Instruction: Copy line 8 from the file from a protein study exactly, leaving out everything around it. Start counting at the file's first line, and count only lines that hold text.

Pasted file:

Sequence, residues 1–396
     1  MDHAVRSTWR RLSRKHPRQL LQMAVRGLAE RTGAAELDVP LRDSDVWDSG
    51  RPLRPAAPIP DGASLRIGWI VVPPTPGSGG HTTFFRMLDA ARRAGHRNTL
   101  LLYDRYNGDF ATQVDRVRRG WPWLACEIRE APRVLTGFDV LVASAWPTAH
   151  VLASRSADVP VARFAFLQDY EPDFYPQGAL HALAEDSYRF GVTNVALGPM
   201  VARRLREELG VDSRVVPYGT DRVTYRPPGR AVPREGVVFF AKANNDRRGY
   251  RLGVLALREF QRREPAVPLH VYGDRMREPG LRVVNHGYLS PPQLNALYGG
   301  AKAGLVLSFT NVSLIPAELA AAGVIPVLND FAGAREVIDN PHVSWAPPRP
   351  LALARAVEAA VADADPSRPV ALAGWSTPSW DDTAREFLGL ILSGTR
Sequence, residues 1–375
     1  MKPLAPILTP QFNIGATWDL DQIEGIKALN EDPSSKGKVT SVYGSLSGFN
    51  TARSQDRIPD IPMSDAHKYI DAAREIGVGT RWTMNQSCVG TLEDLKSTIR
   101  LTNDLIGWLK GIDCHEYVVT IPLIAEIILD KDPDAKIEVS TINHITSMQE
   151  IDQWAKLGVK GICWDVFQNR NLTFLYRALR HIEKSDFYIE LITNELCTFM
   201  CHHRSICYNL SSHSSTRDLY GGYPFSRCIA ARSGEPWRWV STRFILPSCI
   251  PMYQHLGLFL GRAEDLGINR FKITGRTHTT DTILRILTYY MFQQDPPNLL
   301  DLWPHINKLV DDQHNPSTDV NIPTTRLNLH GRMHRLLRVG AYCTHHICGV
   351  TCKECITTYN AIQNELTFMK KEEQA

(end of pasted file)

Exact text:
   301  AKAGLVLSFT NVSLIPAELA AAGVIPVLND FAGAREVIDN PHVSWAPPRP